Ultra Low Emission Zone sign, London. Photo: EURIST e.v on Flickr

The debate over traffic reduction measures is generating a lot of heat and some dubious politics, so Elaine Graham-Leigh examines some of the issues

The debate over the planned extension of London’s Ultra Low Emission Zone (ULEZ) to the outer boroughs has rapidly become toxic, both online and in real life. In this, it follows the debates over traffic reduction measures like low traffic neighbourhoods (LTNs), which have seen road closure infrastructure vandalised and set on fire, and protests colonised by anti-vaxxers and theorists about climate lockdowns. All this heat polarises the debate and hides the fact that there are real issues here.

We all know that air pollution kills, with around 4,000 deaths in London each year attributable to air pollution. Transport for London (TfL) claims that the ULEZ as introduced in central London in 2019 and expanded to cover inner London in 2021 has made a significant positive impact on the killer emissions. They also claim that it has had a slight impact on carbon emissions, which given that transport is the single largest carbon emitting sector, is important, although the 4% reduction they highlight is hardly impressive.

The ULEZ achieves these improvements by charging drivers of cars and vans with the highest levels of emissions to enter or move about within the zone. Almost all petrol cars still on the roads will meet the standard, but diesel vehicles are more likely to be caught by the restrictions. Petrol cars built after 2006 will probably be compliant, whereas for diesel vehicles, the equivalent date is 2016. TFL does have a scrappage scheme for people on benefits and small businesses/sole traders, but this won’t cover everyone affected and only applies to people based in London. If you’re outside Greater London but need to carry on driving your elderly van into the zone, then you’re on your own.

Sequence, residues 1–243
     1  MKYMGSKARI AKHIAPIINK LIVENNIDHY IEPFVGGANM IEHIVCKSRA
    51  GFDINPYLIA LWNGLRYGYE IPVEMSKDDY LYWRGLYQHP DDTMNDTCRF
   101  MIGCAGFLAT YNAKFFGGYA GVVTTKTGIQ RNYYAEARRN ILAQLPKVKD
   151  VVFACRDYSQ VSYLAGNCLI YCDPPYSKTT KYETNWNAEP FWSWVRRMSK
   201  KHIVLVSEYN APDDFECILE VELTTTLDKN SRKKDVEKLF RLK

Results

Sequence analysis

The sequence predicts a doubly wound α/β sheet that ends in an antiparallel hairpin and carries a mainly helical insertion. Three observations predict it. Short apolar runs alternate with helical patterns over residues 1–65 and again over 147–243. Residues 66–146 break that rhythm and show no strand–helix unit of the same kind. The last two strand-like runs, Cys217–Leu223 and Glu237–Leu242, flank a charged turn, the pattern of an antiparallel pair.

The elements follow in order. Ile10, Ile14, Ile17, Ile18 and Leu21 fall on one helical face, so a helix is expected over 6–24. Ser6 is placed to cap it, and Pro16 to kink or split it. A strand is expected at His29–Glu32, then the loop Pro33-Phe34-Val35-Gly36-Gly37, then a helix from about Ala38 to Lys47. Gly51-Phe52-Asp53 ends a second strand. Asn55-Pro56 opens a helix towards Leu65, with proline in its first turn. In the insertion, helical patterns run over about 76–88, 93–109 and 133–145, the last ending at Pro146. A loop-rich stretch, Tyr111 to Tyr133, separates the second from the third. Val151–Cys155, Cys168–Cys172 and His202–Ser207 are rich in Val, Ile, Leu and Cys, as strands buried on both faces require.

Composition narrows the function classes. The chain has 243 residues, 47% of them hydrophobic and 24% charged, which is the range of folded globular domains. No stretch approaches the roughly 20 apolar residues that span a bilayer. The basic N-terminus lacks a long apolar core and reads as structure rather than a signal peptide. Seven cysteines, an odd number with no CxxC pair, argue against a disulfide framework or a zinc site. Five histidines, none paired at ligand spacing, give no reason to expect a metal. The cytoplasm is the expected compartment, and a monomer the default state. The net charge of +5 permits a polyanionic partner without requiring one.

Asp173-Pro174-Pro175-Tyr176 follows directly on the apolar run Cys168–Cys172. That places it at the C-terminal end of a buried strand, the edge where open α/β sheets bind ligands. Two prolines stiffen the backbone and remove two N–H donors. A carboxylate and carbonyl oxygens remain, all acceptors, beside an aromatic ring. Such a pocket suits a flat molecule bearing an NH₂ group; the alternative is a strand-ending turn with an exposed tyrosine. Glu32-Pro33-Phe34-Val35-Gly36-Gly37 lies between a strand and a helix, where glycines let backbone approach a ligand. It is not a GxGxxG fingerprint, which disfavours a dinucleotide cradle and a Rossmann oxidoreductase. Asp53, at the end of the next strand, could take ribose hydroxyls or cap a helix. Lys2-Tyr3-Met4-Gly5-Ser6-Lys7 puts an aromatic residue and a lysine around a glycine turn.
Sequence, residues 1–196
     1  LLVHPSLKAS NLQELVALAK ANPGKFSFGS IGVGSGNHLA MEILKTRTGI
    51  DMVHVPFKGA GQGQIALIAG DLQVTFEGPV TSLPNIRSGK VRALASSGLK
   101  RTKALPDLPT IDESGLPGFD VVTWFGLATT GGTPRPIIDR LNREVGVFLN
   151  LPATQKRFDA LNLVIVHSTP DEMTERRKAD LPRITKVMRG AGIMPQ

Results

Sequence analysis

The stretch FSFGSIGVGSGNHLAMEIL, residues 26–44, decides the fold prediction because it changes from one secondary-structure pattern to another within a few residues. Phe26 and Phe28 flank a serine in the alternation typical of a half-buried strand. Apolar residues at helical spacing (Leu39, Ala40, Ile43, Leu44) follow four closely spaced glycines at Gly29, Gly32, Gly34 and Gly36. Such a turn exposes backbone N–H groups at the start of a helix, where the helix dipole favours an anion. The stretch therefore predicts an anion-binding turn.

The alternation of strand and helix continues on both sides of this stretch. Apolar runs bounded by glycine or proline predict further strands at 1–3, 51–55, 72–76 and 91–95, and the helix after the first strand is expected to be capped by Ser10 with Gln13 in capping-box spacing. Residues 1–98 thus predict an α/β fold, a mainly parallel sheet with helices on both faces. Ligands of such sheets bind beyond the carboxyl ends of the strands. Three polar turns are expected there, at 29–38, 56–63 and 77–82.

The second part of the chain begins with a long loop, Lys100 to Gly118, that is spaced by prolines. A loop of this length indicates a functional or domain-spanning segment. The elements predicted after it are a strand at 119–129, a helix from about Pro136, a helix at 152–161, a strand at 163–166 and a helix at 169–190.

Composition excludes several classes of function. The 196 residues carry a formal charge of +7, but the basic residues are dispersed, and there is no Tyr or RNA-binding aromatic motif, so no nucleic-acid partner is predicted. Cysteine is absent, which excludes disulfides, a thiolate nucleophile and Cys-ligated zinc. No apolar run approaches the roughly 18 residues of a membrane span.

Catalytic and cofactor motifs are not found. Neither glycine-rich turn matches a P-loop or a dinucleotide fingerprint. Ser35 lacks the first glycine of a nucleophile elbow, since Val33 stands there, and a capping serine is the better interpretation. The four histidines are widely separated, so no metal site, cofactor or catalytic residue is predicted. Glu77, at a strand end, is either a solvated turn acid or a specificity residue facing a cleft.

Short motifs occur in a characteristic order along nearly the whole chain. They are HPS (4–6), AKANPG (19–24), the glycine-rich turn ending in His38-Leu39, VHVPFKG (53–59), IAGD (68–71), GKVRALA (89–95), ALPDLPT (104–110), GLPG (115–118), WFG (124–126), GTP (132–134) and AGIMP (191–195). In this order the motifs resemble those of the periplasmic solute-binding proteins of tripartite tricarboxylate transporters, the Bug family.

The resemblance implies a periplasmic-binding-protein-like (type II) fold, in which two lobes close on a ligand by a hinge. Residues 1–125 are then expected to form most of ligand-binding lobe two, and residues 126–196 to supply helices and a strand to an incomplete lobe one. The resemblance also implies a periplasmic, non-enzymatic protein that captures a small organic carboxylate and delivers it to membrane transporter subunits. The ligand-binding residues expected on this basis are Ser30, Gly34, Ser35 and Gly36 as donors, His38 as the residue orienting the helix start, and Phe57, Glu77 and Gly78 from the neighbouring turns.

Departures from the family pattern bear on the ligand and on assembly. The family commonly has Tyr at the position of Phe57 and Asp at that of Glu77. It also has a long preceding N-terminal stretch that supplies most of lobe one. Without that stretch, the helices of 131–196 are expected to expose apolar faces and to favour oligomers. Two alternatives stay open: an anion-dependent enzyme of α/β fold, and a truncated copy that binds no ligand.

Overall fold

ULEZ and social justice

Opponents of the zone, as with measures like the LTNs, often argue against them on social-justice grounds, on behalf of the poor and disabled. This can sometimes come across as a disingenuous attempt to seize the moral high ground in the debate. It is certainly interesting to see this argument being advanced by local Tories who have not shown any noticeable concern for the poor and disabled when they’re supporting their party’s punitive policies. It is also an argument that ignores the fact that in London at least, the poorest people as a group are the least likely to have access to a car.

It is true, however, that any policy that uses ability to pay as a way of discouraging a particular activity is going to discriminate against those who can’t pay. TfL itself say that the daily charge for driving a non-compliant vehicle in the ULEZ is supposed to discourage driving: they would rather people replace their vehicles than pay the charge. That makes not having to buy a new car a privilege people can pay for, which is hardly equitable.

There is also the issue of enforcement. The ULEZ is maintained by a network of CCTV cameras which work by numberplate recognition to pick up vehicles which aren’t compliant and check if their drivers have paid the charge. TfL said last year that they were considering whether they could give the Met Police access to this data, but it would be surprising if they concluded that the answer was no. It isn’t necessary to posit fifteen-minute cities (the idea that, reversing the trend for out-of-town shopping centres, people should be able to find necessities within a fifteen-minute walk of their homes) as the first step into dystopia to see this as a disturbing increase in the surveillance of Londoners and not something about which we should be blasé.